From left to right: Rep. Janet Ancel (D-Calais), Sen. Ann Cummings (D-Washington) and Sen. Jane Kitchel (D-Caledonia), members of the Joint Fiscal Committee, on Thursday
State legislators and Gov. Phil Scott’s administration solved a $12.5 million budget gap Thursday with virtually no dissent.
“I don’t think there’ll be a major impact felt,” Finance Commissioner Adam Greshin told reporters about the administration's plan. “That was part of the challenge of finding $12.5 million that won’t have a major impact on Vermonters, and I think we’ve done that.”
Lawmakers agreed. The 10-member Joint Fiscal Committee, which oversees state fiscal matters when the full legislature is not is session, unanimously signed off on the proposal Thursday afternoon at a Statehouse meeting.
Rep. Janet Ancel (D-Calais), Joint Fiscal Committee chair, said she was grateful the decisions did not involve state employee layoffs. “I think it’s a thoughtful way to move forward,” she said.
No one spoke at a public hearing on the budget rescissions before lawmakers voted.
The largest single chunk of savings — $4.5 million — will come from an anticipated reduction in Medicaid expenses. Some smaller cuts were found across state government, while there’s a $3.5 million projected increase in revenue from brokers’ fees paid to the Department of Financial Regulation.
Both the legislature’s Joint Fiscal Office and the administration agreed that fewer people in the state will be eligible for Medicaid, the subsidized health coverage available to low-income Vermonters, than in recent years.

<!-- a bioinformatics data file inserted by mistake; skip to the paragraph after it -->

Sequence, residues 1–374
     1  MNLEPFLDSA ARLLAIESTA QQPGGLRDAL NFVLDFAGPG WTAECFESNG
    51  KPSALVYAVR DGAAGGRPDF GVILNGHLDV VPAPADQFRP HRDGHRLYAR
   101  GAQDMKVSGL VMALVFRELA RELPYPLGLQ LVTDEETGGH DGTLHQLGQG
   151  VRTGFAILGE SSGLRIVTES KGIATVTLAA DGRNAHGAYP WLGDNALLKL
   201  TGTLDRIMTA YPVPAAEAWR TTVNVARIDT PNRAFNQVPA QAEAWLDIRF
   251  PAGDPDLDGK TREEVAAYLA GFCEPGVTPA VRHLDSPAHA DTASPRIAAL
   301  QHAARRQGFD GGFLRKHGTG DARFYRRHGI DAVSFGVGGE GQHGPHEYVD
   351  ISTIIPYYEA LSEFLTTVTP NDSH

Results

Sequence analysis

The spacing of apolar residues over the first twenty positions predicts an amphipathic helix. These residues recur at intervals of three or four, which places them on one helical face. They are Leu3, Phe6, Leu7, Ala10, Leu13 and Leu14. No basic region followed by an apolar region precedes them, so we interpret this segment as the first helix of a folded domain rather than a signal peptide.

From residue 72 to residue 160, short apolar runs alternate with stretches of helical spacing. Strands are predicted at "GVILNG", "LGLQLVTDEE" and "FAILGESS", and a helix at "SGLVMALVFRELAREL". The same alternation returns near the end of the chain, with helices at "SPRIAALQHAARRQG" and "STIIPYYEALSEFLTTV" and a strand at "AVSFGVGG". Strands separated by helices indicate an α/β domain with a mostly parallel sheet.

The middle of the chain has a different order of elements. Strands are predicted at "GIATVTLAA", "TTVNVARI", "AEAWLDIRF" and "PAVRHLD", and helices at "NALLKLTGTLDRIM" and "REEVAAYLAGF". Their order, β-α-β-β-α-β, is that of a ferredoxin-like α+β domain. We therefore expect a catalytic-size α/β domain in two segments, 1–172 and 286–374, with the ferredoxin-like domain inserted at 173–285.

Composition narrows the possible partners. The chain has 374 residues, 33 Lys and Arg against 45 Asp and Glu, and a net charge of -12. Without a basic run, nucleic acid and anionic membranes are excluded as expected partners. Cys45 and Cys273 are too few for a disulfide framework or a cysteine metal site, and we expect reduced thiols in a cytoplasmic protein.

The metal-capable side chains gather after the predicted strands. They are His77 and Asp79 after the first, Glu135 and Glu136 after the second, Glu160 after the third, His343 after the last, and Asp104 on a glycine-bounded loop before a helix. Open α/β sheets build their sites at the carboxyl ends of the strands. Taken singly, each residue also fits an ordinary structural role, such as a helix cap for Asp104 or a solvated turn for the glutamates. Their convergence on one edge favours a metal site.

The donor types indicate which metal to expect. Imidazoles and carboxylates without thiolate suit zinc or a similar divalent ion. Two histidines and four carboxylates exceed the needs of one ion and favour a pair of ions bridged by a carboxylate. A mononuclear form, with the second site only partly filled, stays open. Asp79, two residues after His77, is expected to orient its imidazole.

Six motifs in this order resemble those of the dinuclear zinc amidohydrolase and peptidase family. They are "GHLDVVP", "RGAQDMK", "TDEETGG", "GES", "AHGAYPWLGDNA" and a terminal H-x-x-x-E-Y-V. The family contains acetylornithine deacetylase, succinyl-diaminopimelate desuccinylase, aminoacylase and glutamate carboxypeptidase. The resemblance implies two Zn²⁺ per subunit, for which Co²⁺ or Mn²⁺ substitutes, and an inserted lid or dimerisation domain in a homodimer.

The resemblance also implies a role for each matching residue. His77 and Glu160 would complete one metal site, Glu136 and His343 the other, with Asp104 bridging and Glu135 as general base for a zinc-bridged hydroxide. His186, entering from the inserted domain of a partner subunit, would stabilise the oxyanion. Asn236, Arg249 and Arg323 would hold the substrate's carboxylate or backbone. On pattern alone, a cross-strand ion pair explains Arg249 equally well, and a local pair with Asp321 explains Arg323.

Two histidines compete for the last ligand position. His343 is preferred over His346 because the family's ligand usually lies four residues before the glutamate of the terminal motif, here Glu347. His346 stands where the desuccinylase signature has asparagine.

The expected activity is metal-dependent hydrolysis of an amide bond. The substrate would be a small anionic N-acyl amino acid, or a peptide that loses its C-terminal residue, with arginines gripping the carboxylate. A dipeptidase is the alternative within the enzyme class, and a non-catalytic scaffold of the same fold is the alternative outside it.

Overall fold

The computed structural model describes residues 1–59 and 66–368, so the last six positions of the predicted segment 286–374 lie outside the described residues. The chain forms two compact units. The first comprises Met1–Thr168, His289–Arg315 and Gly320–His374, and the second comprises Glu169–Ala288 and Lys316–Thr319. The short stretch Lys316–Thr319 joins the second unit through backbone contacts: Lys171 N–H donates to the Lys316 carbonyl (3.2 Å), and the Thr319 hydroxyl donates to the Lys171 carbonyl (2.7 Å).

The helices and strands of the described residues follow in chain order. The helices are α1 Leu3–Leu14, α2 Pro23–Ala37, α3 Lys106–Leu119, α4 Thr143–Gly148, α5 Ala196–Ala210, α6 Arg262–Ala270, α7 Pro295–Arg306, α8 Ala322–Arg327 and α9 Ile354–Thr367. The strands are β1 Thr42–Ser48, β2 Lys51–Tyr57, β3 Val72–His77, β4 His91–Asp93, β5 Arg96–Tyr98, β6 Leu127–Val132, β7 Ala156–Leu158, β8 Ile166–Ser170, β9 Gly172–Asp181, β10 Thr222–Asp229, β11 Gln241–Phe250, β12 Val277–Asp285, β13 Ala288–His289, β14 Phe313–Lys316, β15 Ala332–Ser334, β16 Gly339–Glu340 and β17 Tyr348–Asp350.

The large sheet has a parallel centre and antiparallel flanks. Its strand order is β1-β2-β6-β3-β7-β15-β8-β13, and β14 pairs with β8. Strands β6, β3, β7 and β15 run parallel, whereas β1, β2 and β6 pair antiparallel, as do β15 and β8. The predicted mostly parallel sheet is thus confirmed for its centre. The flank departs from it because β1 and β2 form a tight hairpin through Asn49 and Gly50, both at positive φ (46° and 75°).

The budget cut will not affect coverage for those who are eligible for Medicaid, said Al Gobeille, Agency of Human Services secretary.
Instead, the state now has a better sense of who is, and isn’t, eligible for the program following two years of uncertainty. Vermont used a federal waiver after the Affordable Care Act was implemented to halt a requirement that Medicaid recipients’ coverage be reexamined in 2014 and 2015.
The state resumed “redeterminations” of eligibility in 2016, said Joint Fiscal Office analyst Stephanie Barrett, who worked with the administration on the new projections.
Steve Klein (left), the legislature's chief fiscal officer, and Adam Greshin, the state's finance commissioner, on Thursday
And, after the 2017 fiscal year ended in June, “we know exactly who is on,” Gobeille said.
Rep. Bill Lippert (D-Hinesburg), a member of the Joint Fiscal Committee, said he would like to look more closely at the numbers to get an understanding of why fewer people are eligible for Medicaid. For instance, they could be making more money or could have moved out of state — or some other reason.
A full examination would give “some confidence the trend isn’t going to swing the other way,” Lippert said.